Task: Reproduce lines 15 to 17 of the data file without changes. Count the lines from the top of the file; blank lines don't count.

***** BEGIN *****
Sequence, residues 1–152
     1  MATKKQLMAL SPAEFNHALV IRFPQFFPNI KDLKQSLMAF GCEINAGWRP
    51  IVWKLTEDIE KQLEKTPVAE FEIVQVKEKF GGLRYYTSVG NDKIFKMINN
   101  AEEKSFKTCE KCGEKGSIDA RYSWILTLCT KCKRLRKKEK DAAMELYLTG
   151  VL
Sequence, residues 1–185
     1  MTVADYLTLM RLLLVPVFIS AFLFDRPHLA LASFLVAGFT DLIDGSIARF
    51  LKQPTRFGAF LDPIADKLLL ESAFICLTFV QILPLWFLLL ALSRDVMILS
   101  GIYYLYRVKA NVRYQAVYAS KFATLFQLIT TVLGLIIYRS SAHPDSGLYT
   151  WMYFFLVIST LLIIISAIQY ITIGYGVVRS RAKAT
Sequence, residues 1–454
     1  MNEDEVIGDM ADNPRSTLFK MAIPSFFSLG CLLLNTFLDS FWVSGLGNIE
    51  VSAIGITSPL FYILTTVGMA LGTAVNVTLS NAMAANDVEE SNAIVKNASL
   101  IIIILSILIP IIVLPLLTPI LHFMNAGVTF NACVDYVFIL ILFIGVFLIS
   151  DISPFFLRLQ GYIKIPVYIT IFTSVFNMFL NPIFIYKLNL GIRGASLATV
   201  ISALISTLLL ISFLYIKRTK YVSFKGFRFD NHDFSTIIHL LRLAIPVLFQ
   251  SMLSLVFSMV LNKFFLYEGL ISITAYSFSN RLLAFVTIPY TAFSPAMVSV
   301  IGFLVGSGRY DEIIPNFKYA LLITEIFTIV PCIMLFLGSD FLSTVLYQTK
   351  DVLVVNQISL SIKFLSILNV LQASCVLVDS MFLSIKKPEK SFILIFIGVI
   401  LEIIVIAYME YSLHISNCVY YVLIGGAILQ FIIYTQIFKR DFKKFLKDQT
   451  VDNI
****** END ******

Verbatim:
   151  DISPFFLRLQ GYIKIPVYIT IFTSVFNMFL NPIFIYKLNL GIRGASLATV
   201  ISALISTLLL ISFLYIKRTK YVSFKGFRFD NHDFSTIIHL LRLAIPVLFQ
   251  SMLSLVFSMV LNKFFLYEGL ISITAYSFSN RLLAFVTIPY TAFSPAMVSV